Now That “Social Media is a Regulated Industry,” Have You Developed a “Culture of Compliance?”by Ed Keller, December 2, 2009
This week, on December 1, the FTC’s new Guidelines for Endorsements and Testimonials in Advertising went into effect. As I have written here previously, these new Guidelines have significant implications for both brands and individuals (especially bloggers) engaged in social media.
The Guidelines have been the subject of considerable debate since they were released, and at the Word of Mouth Marketing Association’s recent Summit, there was a lively panel and Q&A session featuring (among others) Chuck Harwood, Assistant Deputy Director – Bureau of Consumer Protection, FTC, discussing “The Role of the FTC in Word of Mouth and Social Media Marketing.” (Disclosure: I am on the WOMMA Board.)
To shed further light on the new Guidelines and what they mean for brands, I recently conducted a Q&A session with one of the panel participants, Tony DiResta, a partner with the Advertising, Marketing & Media practice of Manatt, Phelps & Phillips, LLP and WOMMA’s General Counsel.
Q: What do you think the FTC is primarily trying to achieve with regard to the new Guidelines?
A: The FTC’s ultimate goals, in my judgment, are to attempt to preserve the integrity of social media platforms and to address potential abuses of misleading, deceptive, or unfair marketing practices by providing regulatory-like principles that the agency has used in traditional media.
Q: What are the social media and WOM practices in place today that will not be allowed now that the Guidelines are in place?
A: What is now prohibited is the failure to disclose “material connections” between the advertiser (whether a brand or agency) and the communicator (such as a blogger) that would potentially impact the weight of the endorsement that would be given by the consumer who reviews the message. The Guides set forth two types of material connection that now must be affirmatively disclosed. The first is consideration, or any form of inducement to the communicator, such as cash, prizes, or free products. The second is relationships, such as the fact the communicator is an employee of the advertiser or has a financial interest in the company that manufactured the product.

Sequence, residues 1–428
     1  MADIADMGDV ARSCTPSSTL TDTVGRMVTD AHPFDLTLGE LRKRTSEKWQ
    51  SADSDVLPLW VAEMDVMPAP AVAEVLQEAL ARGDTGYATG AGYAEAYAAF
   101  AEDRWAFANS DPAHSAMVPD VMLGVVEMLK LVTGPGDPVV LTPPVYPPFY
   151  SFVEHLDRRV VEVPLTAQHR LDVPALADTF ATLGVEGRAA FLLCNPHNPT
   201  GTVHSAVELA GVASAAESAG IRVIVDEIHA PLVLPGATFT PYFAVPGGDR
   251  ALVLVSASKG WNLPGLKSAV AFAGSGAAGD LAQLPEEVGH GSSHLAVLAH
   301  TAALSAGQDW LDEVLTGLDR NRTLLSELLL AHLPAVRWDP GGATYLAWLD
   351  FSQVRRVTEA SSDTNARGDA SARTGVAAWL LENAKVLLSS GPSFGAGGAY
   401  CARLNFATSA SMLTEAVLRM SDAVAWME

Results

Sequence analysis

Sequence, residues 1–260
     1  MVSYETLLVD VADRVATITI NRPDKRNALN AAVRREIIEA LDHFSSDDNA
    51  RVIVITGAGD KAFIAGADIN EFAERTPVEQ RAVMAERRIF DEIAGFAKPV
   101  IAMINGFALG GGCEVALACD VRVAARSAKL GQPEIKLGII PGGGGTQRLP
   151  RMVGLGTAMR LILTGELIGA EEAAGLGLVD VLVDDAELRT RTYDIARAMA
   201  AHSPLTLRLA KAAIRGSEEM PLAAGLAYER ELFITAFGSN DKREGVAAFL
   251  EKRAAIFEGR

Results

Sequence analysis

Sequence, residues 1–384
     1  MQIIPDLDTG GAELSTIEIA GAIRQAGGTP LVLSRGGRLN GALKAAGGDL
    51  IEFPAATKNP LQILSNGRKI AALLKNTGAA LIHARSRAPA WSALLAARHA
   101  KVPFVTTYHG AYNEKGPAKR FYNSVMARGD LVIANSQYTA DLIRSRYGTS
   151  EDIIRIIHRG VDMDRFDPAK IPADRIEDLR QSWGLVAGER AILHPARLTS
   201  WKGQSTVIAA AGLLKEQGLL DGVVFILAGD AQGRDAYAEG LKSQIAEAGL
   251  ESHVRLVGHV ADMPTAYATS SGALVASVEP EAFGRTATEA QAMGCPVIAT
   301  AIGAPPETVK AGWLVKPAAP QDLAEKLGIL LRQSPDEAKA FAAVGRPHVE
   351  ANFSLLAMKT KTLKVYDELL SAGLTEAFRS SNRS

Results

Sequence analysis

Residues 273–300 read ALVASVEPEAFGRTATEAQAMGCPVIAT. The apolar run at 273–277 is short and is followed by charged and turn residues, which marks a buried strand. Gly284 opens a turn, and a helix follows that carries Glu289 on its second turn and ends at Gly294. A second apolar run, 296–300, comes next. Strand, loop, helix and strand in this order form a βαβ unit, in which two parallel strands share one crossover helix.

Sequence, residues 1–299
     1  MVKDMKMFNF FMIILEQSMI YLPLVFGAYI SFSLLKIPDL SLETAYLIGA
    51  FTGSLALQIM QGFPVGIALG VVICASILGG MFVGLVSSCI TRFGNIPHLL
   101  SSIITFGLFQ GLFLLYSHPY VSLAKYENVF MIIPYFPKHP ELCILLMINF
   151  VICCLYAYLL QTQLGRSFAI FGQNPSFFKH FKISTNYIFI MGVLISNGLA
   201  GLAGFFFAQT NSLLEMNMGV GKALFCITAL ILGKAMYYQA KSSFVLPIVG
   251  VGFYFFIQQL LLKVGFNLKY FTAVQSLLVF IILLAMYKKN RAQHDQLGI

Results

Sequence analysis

Q: Are there practical recommendations you can offer to marketers and their agencies to best ensure they operate in a manner that is consistent with the FTC’s new Guidelines?
A: Yes. As a practical matter, social media – and all forms of WOM, Web 1.0, and Web 2.0 – is now a regulated industry; and all stakeholders are responsible for compliance with the FTC Guides. As a result, all marketers, agencies, and brands must develop a “culture of compliance” where the vocabulary of risk management is a central aspect of an advertising strategy.
I have four practical recommendations to offer to ensure that companies and marketers operate lawfully and effectively.
First, companies (whether brands or agencies) must develop a formal Social Media Policy for their sponsored speakers, which articulate standards of conduct, or the do’s and don’ts. Furthermore, such a Policy must articulate (1) a procedure for training the speakers or bloggers on the Guides and required disclosures, and (2) the ways in which their communications will be monitored. Indeed, in the FTC’s legal analysis of the Guides, the agency mandates companies to develop such a policy along with training and monitoring procedures.